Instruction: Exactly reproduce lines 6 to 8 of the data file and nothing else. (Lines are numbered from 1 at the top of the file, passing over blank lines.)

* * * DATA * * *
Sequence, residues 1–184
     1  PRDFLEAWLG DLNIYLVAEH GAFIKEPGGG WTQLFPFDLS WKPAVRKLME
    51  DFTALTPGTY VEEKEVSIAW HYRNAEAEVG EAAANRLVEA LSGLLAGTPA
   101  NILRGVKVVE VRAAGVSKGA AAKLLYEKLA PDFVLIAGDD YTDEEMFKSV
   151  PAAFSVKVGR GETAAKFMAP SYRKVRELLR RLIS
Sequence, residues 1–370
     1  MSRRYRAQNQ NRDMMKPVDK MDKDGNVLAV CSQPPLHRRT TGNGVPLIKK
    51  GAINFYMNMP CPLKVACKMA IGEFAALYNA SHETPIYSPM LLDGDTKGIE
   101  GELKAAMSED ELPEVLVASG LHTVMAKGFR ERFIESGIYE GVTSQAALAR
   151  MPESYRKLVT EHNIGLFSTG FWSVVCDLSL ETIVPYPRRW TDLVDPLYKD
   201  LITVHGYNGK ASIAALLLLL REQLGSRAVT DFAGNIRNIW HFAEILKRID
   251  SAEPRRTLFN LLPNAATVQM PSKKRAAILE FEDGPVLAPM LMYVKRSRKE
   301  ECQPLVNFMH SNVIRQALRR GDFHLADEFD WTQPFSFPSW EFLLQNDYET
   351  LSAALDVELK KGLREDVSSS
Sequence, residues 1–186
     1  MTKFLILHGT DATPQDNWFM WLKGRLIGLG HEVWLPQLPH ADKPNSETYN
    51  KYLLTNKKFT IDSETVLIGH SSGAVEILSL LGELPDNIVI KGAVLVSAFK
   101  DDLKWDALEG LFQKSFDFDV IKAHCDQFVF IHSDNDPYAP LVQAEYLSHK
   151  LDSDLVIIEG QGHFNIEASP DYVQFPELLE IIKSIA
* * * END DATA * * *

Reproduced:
Sequence, residues 1–370
     1  MSRRYRAQNQ NRDMMKPVDK MDKDGNVLAV CSQPPLHRRT TGNGVPLIKK
    51  GAINFYMNMP CPLKVACKMA IGEFAALYNA SHETPIYSPM LLDGDTKGIE